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Scoubidou (gimp, lanyard, scoubi, scoobie, boondoggle, or rex-lace) is a knotting craft, originally aimed at children. It originated in France, where it became a fad in the late 1950s and has remained popular. It is named after the 1958 song of the same name by the French singer Sacha Distel.

Scoubidou returned to fashion in various countries, including the United Kingdom, in 2004 and 2005. It uses commercially supplied plastic strips or tubes.

The most common kind of thread used for the craft is flat and comes in many colors. Another kind of scoubidou thread is supple, round and hollow plasticized PVC tubes usually about 80 centimetres in length. They are sold in various colors, sizes and types, and are used to make items by binding them together with knots. On account of their elasticity and hollow cross-section—which allow them to collapse and deform when pulled—they form tight and stable knots. Key chains, friendship bands and other are most commonly woven, although more complicated shapes and figures can also be created.

Most of the knots used in scoubidou were already used in bast fibre, while the creations possible with scoubidou are similar to traditional corn dollies and macrame.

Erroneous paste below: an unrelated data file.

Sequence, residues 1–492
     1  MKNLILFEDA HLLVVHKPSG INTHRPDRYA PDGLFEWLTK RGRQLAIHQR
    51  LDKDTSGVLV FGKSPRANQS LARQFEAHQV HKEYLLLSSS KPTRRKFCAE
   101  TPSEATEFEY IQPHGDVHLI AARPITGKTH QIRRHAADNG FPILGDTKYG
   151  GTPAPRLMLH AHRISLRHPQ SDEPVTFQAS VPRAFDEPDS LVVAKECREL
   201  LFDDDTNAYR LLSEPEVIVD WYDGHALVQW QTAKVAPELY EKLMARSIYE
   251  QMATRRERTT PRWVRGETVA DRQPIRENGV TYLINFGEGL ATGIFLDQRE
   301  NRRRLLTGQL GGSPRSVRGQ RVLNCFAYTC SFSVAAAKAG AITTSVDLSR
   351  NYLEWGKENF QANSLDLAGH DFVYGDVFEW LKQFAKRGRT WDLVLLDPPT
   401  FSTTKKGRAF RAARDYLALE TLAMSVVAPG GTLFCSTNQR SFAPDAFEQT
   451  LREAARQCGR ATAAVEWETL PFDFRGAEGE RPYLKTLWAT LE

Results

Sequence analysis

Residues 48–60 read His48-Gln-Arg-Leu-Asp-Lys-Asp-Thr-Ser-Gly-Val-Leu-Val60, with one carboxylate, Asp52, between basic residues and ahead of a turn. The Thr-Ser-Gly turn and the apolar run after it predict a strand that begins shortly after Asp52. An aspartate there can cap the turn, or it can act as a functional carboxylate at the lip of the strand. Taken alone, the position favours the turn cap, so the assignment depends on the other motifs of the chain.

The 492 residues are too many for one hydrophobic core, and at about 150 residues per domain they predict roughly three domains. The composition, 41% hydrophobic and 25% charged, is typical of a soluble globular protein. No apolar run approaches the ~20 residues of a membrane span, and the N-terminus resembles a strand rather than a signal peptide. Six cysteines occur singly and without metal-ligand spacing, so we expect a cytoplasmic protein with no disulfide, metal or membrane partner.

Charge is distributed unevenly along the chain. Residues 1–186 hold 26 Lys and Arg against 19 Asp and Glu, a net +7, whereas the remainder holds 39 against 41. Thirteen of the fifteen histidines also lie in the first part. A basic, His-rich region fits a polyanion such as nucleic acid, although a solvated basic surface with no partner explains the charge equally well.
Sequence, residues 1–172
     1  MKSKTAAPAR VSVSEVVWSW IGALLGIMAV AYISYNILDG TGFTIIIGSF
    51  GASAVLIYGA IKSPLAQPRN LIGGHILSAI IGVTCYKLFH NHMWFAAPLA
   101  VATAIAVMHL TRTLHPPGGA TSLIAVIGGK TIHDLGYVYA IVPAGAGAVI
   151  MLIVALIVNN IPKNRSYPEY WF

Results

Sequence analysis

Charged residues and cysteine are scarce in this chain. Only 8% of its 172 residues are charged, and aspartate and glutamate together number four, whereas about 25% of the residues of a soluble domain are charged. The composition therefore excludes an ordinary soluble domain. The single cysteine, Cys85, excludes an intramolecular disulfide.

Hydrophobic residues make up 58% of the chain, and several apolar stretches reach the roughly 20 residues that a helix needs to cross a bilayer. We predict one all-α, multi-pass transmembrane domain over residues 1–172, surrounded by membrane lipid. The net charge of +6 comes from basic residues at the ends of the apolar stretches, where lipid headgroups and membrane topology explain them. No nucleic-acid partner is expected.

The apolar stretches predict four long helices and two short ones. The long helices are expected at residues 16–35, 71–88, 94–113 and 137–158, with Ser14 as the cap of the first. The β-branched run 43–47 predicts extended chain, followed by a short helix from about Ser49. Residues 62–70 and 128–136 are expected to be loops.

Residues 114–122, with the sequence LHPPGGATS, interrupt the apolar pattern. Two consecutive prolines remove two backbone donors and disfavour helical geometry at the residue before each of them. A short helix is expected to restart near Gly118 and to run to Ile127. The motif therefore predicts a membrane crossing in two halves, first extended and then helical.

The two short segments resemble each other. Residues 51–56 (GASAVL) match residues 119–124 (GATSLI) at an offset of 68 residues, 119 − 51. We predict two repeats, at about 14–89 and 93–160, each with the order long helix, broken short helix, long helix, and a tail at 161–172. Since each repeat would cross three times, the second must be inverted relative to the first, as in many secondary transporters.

Also known as a box stitch, the square stitch is the most common knot used in making keychains. It uses two strands of gimp. The square stitch is made by taking the end and crossing opposite ends, then taking one of the other ends and going over the first string and going under the second string. To finish, the last end is woven over the first strand and under the second strand.

A double square stitch (or triple) can be made using four strings, thus doubling the size of the keychain made. Again the process is done by weaving the ends alternately. Many think the easiest way to create a square stitch is taking two strands of the same color and weaving the other two strands through them.



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